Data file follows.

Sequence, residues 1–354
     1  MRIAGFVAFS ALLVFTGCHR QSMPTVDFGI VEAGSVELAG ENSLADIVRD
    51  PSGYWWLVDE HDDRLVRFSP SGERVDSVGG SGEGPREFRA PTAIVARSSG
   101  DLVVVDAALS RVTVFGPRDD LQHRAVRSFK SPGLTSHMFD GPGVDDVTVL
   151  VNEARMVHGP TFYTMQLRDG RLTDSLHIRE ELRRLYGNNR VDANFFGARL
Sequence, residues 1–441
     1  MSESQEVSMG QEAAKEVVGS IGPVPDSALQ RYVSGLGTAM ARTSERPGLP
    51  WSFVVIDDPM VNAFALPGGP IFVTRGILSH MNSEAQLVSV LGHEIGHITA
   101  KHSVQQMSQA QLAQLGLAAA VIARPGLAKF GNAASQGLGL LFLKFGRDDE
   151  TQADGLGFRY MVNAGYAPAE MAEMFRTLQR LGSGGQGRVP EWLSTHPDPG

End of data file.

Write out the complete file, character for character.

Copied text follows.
Sequence, residues 1–354
     1  MRIAGFVAFS ALLVFTGCHR QSMPTVDFGI VEAGSVELAG ENSLADIVRD
    51  PSGYWWLVDE HDDRLVRFSP SGERVDSVGG SGEGPREFRA PTAIVARSSG
   101  DLVVVDAALS RVTVFGPRDD LQHRAVRSFK SPGLTSHMFD GPGVDDVTVL
   151  VNEARMVHGP TFYTMQLRDG RLTDSLHIRE ELRRLYGNNR VDANFFGARL
Sequence, residues 1–441
     1  MSESQEVSMG QEAAKEVVGS IGPVPDSALQ RYVSGLGTAM ARTSERPGLP
    51  WSFVVIDDPM VNAFALPGGP IFVTRGILSH MNSEAQLVSV LGHEIGHITA
   101  KHSVQQMSQA QLAQLGLAAA VIARPGLAKF GNAASQGLGL LFLKFGRDDE
   151  TQADGLGFRY MVNAGYAPAE MAEMFRTLQR LGSGGQGRVP EWLSTHPDPG